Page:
Global trade exchange Bartercard may be an all-Microsoft shop, but the company is far from convinced of the benefits of upgrading to Windows Vista and Office 2007 after testing the beta versions.
Bartercard, which provides a type of global currency that lets businesses swap or exchange goods and services using interest-free credit, uses Microsoft software throughout its operations.
It has 1,500 desktops and about 60 servers in 16 locations around the world, which run on Windows XP and Server 2003, so the company was very keen to beta test Microsoft's forthcoming products.
Bartercard's chief information officer Jason Van said his team tested both betas for four weeks using Microsoft Team Foundation Server. During the tests, the company found that Vista was "flaky" and Office's new features may be more of a hindrance than a help.
"We're hoping we don't have to look at Vista till the end of the year," said Van. The next release candidate of the operating system is expected around this time, and Van said he hoped that by then the bugs his team discovered would have been ironed out.
"[Vista] was a bit flaky on some machines and we're not completely happy with it," said Van, who admitted that Bartercard's administration system locked up several times running the new operating system.
Vista has a different interface to XP, he said, which might be unsettling for some users: "With Vista, the look and feel is a complete departure from XP."
"If we did roll out Vista on the new standard operating environment next year, my guys say they would upgrade to it but they'd go back to the XP look and feel," he said.
Vista does have its good points, said Van, who highlighted Vista's file management and speed as positives.
Van expected to deploy Vista internally around May, when the lease on the company's computers is due to expire, he said.
However, Van was critical of Office 2007, which he said did not have a major feature that is attractive to the company.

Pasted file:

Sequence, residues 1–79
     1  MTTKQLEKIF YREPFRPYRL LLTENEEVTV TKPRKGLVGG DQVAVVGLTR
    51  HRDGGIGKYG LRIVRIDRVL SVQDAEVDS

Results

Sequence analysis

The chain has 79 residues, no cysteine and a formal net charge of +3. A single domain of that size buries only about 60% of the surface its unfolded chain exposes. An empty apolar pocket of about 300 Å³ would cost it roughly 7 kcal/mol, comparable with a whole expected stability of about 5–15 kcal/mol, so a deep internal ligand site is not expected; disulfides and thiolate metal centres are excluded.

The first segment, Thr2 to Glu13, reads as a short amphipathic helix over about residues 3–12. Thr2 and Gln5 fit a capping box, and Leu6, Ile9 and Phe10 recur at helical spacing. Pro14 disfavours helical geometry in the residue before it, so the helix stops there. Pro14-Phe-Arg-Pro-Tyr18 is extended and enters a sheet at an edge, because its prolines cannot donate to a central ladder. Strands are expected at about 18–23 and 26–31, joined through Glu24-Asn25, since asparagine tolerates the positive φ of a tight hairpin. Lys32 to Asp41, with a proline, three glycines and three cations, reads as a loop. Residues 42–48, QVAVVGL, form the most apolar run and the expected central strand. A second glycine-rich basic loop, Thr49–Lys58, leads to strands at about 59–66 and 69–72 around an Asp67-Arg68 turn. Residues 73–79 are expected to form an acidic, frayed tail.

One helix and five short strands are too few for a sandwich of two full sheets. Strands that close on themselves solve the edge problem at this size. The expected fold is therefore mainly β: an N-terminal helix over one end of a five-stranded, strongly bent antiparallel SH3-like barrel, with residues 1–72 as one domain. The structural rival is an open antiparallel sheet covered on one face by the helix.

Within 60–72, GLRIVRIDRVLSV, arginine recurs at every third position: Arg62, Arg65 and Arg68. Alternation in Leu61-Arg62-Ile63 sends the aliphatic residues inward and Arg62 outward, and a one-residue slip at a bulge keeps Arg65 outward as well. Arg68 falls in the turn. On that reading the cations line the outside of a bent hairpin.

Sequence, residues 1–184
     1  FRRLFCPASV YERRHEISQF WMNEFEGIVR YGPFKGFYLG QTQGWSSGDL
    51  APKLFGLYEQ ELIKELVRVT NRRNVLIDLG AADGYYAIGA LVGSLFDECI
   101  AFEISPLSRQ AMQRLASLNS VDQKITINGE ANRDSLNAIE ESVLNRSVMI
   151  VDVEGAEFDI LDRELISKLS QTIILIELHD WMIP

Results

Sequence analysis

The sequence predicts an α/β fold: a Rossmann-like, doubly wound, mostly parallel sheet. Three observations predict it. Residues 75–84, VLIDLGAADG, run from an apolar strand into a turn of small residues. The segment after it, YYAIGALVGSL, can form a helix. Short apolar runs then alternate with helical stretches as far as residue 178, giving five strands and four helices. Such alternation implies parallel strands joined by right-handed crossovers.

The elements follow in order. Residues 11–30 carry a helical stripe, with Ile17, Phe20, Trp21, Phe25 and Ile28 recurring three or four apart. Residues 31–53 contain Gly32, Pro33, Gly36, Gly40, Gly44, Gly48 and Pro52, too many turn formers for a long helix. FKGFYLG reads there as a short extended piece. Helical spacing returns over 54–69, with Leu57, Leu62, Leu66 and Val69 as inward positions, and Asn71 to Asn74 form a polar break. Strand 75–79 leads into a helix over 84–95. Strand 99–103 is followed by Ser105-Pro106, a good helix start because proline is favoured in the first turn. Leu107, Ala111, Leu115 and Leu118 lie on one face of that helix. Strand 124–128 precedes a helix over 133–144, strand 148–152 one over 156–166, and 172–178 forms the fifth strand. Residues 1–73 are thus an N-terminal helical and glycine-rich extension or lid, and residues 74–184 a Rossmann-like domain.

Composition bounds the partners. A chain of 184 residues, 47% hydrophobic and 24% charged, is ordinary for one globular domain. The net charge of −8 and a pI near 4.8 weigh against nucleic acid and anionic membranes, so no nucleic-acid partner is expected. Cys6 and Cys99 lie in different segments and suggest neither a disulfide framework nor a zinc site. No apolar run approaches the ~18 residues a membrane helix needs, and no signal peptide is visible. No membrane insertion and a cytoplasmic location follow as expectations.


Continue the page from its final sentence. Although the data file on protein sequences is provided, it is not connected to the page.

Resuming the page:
"I don't think there's any really. It's all .Net extensions. I think it's going to be more of a hindrance than anything … There's nothing that can't already be delivered on Office 2003," he said.
Outlook, in particular, received most criticism.
"Functions like forward email, you try it and it says 'this function has not been implemented yet'… I'd send an email and it'd close down. It's happened to a number of us here," said Van.
While the problem will probably be fixed when Office finally ships, it still wasn't good enough, according to Van.
"I expect a beta release should be able to do the standard functionality that people expect. You wouldn't expect that 'forward' would fail in a beta," he said.
The fault was unlikely to be caused by software conflicts either, as Bartercard runs Active Directory and Exchange.
Also troubling for Van was the Office beta's .docx file extensions.
"I'd send a document to people, and then I've got to re-save it as .doc … we're really unsure as to whether there's better efficiency and cross-compatibility issues."
The only Office 2007 feature Van would praise was the Groove collaboration software.
"One thing that might be a big benefit to us is the Groove product," he said. "The sharing of workspaces is a good extension of Sharepoint."
Van's IT team have since uninstalled the Outlook beta from their machines.